Slide Background
Slide Background
Try rolling over the icons!
Slide Background
Help the team power the lightbulb!
Slide Background
Slide Background
Slide Background
Slide Background
Slide Background
Try to turn all of the lightbulbs on at once!
Slide Background
Slide Background
Slide Background
Slide 1 of 12
Check Your Audio
Slide 2 of 12
Development professionals frequently collaborate with colleagues and stakeholders, learn from new evidence or changes in their context, and adapt implementation accordingly. To get the most impact from development efforts, this collaborating, learning and adapting, or CLA, should be systematically planned and adequately resourced.
Slide 3 of 12
Taking this approach ensures that development investments add up to more than the sum of their parts, that new knowledge is acted on in timely and strategic ways, and that results are maximized. Many missions are integrating collaborating, learning and adapting approaches in a multitude of ways--Let’s take a look at three examples of the difference this can make.
Slide 4 of 12
A broadly accepted standard among development professionals is to consult with stakeholders in the planning stages of new programs, but sometimes it’s hard to know how to do this well, particularly beyond the planning stage.
Slide 5 of 12
One tool some USAID missions are using is collaboration mapping to systematically assess their relationships with key stakeholders in government, other donor organizations, civil society and the private sector. These maps help missions plan how to collaborate with these partners in a coordinated way, and how to influence the way they approach development issues of mutual interest. Over time, the maps can also form a baseline against which the mission can understand how their strategic relationships are evolving.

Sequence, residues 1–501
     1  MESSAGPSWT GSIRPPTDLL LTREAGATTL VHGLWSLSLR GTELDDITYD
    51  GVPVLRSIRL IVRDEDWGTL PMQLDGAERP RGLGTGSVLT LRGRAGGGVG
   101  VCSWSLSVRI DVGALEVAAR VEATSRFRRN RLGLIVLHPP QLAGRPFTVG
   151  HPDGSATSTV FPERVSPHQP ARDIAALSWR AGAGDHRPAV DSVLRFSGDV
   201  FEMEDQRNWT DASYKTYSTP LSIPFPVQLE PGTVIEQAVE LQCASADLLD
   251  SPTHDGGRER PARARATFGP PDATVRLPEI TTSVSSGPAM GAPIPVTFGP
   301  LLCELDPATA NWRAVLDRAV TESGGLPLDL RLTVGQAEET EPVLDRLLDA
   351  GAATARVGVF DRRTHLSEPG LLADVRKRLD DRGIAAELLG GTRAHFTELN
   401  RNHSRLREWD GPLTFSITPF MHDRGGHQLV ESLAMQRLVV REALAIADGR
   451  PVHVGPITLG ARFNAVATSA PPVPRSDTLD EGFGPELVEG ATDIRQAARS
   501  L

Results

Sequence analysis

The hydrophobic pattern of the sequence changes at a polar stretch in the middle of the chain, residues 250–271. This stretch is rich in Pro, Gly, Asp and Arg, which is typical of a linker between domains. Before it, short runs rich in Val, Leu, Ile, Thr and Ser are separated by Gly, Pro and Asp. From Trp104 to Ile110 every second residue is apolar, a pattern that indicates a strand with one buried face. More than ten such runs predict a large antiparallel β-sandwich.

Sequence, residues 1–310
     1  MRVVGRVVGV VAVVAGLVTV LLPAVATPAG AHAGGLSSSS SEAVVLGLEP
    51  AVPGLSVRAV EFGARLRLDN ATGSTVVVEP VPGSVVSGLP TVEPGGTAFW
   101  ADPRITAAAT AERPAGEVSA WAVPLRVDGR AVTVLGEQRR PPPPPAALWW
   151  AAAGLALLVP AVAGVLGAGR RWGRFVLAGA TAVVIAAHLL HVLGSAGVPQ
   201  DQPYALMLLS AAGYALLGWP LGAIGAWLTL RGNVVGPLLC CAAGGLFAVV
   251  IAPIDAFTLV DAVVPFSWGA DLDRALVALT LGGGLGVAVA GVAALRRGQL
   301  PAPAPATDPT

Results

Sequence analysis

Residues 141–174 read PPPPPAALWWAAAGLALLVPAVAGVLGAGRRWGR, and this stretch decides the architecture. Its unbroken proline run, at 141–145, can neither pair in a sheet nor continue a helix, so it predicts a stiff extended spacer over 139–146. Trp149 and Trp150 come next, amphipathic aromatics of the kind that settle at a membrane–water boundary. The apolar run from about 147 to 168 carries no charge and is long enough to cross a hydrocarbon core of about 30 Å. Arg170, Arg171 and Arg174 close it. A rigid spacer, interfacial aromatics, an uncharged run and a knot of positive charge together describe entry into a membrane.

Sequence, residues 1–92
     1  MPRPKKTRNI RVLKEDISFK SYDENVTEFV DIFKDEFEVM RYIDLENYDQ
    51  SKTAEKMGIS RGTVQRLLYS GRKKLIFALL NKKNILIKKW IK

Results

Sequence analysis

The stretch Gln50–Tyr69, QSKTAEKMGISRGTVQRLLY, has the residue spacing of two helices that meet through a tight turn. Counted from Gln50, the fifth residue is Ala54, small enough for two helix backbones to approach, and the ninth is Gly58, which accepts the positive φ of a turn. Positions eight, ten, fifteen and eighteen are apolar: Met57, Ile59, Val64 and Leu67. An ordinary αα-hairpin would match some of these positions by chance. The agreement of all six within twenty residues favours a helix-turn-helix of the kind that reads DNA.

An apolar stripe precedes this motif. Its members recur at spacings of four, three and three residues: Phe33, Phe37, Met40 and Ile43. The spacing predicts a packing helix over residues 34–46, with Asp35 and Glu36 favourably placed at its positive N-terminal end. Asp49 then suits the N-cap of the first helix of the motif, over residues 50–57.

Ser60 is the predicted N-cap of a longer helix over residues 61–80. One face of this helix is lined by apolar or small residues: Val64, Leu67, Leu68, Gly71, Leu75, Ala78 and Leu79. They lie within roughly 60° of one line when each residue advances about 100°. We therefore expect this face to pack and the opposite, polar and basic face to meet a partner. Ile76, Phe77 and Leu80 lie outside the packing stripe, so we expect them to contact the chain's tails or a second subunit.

Slide 6 of 12
Even when we’ve done our homework up front and designed programming that is well grounded in the local context—that context changes over time. USAID missions can use portfolio reviews and other learning opportunities to help them reflect on what has changed and what they’ve learned to decide if they need to make course corrections.
Slide 7 of 12
Strategic, learning-focused portfolio reviews bring together expertise and evidence to determine whether the program is on track to achieve the planned results and what must change to make programs fully successful.
Slide 8 of 12
Too often partners have been left to implement on their own. They are poorly coordinated with each other and therefore don’t have the chance to share their knowledge with colleagues working on related activities.
Slide 9 of 12
Many missions are changing that by funding peer learning networks as an integrated element of their programs. For example, in market development, networks of partners are systematically connected to pool their learning, refine their practices, establish or spread standards, and identify gaps in knowledge that need to be filled to move the field forward.
Slide 10 of 12
USAID staff and partners have always sought ways to improve our programs and better understand how best to meet development challenges. The Bureau for Policy, Planning and Learning supports missions and partners in designing, budgeting, staffing and managing CLA functions to multiply results and scale the impact of our work.
Slide 11 of 12
This work enables USAID to be an effective learning organization and thereby, a more effective development organization that delivers results.
Slide 12 of 12